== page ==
Plastic Surgery Research Council
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PSRC 60th Annual Meeting
Program and Abstracts

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The Bipedicle-Conjoined Deep Inferior Epigastric Perforator Flap for Unilateral and Bilateral Breast Reconstruction: A Concept in Evolution
Pieter G. Koolen, MD1, Bernard T. Lee, MD, MBA1, Samuel J. Lin, MD1, Heather Erhard, MD2, David T. Greenspun, MD, MSc3.
1Beth Israel Deaconess Medical Center, Harvard Medical School, Boston, MA, USA, 2Albert Einstein College of Medicine, Bronx, NY, USA, 3Greenwich Hospital, Greenwich, CT, USA.

PURPOSE:
For some patients, single-pedicle deep inferior epigastric perforator artery (DIEP) flaps do not adequately satisfy one or more critical components necessary to achieve an aesthetically satisfactory breast reconstruction; namely restoration of the “footprint”, “conus” and “skin envelope”(1). Satisfying all three elements is particularly challenging when abdominal tissue is relatively scant in the distribution of a single-pedicle DIEP flap and/or when healthy breast skin is deficient. We have found that bipedicle-conjoined abdominal flaps reliably produce aesthetically satisfactory breast reconstructions for women in whom single-pedicle DIEP flap reconstruction would be aesthetically inadequate.
METHODS:
We retrospectively reviewed our 2-year experience with bipedicle-conjoined DIEP flaps (DIEP+DIEP) for unilateral breast reconstruction (25 patients) and our experience using bilateral-conjoined abdominal perforator flaps (DIEP+DCIA or DIEP+SIEA) for bilateral reconstruction (3 patients). In each reconstruction, one DIEP flap (“primary flap”) was anastomosed to the anterograde internal mammary vessels and the second (“conjoined”) flap was anastomosed to either a side branch of the primary flap pedicle or to the retrograde internal mammary vessels.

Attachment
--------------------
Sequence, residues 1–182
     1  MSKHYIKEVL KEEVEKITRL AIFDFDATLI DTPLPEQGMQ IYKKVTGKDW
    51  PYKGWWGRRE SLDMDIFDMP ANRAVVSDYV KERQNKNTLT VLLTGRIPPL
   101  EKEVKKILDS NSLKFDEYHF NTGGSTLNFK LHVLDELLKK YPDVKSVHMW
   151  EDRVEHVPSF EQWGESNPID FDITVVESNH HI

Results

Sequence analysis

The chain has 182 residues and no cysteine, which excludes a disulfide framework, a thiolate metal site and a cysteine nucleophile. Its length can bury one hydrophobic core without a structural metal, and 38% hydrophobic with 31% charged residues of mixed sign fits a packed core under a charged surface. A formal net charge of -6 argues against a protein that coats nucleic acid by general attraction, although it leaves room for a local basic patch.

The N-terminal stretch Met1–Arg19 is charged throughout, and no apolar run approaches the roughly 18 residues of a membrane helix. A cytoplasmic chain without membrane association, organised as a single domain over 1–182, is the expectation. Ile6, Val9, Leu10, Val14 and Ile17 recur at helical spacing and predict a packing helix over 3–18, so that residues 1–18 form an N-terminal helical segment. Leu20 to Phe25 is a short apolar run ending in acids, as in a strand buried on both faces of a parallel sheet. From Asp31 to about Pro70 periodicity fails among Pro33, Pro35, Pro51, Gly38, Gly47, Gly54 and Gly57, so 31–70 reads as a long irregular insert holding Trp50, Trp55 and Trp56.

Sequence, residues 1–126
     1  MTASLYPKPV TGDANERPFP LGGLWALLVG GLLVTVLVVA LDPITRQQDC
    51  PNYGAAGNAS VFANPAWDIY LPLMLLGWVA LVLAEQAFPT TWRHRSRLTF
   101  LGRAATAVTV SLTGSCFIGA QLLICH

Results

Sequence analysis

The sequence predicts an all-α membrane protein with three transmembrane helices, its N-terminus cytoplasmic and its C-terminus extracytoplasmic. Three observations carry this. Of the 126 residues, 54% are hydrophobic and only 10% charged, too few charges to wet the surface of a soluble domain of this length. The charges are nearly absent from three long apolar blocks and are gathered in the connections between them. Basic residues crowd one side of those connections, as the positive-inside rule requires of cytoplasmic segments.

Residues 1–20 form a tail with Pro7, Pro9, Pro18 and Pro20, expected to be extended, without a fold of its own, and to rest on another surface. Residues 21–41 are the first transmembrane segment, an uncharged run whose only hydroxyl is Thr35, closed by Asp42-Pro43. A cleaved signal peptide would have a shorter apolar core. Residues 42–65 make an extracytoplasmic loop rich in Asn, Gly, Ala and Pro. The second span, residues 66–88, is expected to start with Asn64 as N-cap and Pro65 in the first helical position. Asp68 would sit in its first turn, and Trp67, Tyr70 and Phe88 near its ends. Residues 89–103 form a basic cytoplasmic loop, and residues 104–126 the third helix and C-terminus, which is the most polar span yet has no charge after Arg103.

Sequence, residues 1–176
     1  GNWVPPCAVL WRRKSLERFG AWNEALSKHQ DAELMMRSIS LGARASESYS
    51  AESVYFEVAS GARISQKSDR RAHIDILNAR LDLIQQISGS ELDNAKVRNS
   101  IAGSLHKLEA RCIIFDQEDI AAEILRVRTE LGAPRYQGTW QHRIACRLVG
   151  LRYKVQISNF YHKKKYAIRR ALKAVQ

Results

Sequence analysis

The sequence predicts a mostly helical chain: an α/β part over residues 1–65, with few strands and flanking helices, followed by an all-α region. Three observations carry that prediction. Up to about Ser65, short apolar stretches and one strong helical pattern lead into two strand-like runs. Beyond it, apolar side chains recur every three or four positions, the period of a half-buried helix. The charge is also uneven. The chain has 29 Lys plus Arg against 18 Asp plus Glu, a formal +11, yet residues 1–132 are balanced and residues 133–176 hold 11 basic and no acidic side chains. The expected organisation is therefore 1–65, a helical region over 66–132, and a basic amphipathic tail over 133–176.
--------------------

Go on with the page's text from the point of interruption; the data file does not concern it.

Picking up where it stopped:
RESULTS:
Mean age and BMI were 50.0±8.0 years and 25.8±2.9 kg/m2 respectively. Fifteen patients (53.6%) had radiotherapy prior to autologous reconstruction. There were no flap losses; fat necrosis occurred in 6 flaps (20.7%). The large contiguous skin island of the bipedicle-conjoined flaps allowed for extensive replacement of damaged or absent breast skin. Aesthetically satisfactory results were achieved in all patients (Figures 1, 2).
CONCLUSION:
Bipedicle-conjoined abdominal flaps solve a number of aesthetic challenges in autologous breast reconstruction and have several important advantages over single-pedicle flaps. The shape and volume of bipedicle-conjoined abdominal flaps, in combination with their large skin islands, allow significant freedom in the aesthetic sculpting of a breast reconstruction. Bipedicle-conjoined flaps are an excellent option when single-pedicle flaps will not adequately address the critical elements_ footprint, conus and skin envelope_needed to achieve an aesthetically satisfactory breast reconstruction.
Reference:
1. Blondeel PN, Hijjawi J, Depypere H, Roche N, Van Landuyt K. Shaping the breast in aesthetic and reconstructive breast surgery: an easy three-step principle. Part II--Breast reconstruction after total mastectomy. Plast Reconstr Surg. 2009 Mar;123(3):794-805


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